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  #61  
Old 08-09-2008, 05:43 AM
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Originally Posted by Claire View Post
Here is something interesting through. Round about 1967 the legal firm where my uncle was working in London was requested by Buckingham Palace to look into the legal implications of a divorce between the Queen and the Duke of Edinburgh, especially in regard to where the children go. So even if they weren't thinking about it, someone at Buckingham Palace was crossing their t and dotting their I.
In 1967 the marriage of Princess Margaret had seriously hit the rocks, according to biographies. If she contemplated divorce back then (she finally divorced in 1978), it could have been the case that Buckingham Palace looked into the problems of a divorce of a marriage legalized under the Royal Marriages Act. Probably they were not sure if a new Act was required dealing with a divorce. Of course in that case all avenues would be checked before any new Act could become law, including the divorce of the monarch. IMHO, of course.
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  #62  
Old 09-03-2008, 04:55 AM
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I'm wandering off on a tangent here, but this seems to be the most appropriate place to post a bit of trivia I think gives an interesting insight into the Australian mindset at the time of The Abdication.

Our local paper reports today that two of five fig trees planted by local schoolchildren in 1935 to commemorate the Silver Jubilee of George V have been cut down because they were in a dangerous condition due to disease. The two remaining trees are healthy. Why are only two left? Well........each tree was planted in honour of a Royal visit to Australia. The one planted in honour of the 1920 visit of the Prince of Wales (as he then was) was removed in 1936 following the abdication!!! The locals obviously had strong feelings about the subject.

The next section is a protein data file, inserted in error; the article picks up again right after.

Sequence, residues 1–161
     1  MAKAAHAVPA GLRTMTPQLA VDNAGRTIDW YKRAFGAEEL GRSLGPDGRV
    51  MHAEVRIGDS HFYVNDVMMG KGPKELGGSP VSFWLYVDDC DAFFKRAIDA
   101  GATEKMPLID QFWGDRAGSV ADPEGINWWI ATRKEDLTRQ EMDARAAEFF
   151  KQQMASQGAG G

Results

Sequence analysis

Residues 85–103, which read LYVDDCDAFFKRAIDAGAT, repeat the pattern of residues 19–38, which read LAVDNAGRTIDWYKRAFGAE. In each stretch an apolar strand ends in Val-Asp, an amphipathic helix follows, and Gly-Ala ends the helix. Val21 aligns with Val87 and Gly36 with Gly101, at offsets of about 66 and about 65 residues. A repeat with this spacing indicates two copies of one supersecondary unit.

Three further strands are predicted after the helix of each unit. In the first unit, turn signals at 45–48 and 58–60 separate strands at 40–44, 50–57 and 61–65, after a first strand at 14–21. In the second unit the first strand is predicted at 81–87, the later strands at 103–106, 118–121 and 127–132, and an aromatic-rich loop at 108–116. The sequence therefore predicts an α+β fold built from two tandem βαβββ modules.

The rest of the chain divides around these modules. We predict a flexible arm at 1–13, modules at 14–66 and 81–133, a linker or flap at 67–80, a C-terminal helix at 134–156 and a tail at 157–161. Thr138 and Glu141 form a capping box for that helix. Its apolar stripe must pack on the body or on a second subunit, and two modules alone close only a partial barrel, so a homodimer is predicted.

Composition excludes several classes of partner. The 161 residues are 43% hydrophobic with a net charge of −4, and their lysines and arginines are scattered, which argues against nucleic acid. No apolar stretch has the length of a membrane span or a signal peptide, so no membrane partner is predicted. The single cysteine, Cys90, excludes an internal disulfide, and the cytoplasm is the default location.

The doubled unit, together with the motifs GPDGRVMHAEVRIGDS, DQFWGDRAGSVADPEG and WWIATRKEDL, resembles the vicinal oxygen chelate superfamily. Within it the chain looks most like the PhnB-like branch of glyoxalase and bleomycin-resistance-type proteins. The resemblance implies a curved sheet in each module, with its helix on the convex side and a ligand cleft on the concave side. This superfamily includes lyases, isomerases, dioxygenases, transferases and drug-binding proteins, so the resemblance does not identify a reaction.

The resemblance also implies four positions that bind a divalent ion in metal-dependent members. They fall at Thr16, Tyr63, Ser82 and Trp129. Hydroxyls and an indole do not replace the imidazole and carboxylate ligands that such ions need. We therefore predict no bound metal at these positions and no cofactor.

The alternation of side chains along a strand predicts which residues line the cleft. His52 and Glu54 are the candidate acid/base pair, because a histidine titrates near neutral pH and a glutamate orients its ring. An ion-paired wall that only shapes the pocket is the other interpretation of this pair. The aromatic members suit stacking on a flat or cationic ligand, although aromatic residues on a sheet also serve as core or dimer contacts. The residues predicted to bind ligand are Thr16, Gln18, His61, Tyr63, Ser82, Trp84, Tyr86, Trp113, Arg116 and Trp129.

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  #63  
Old 09-03-2008, 07:36 AM
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I believe(may be wrong) Edward was childless. If so wouldnt it still be ElizabethII? Chaz
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  #64  
Old 09-03-2008, 01:15 PM
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Yes, assuming he still married Wallis, remained king and childless, Elizabeth II would still have become queen.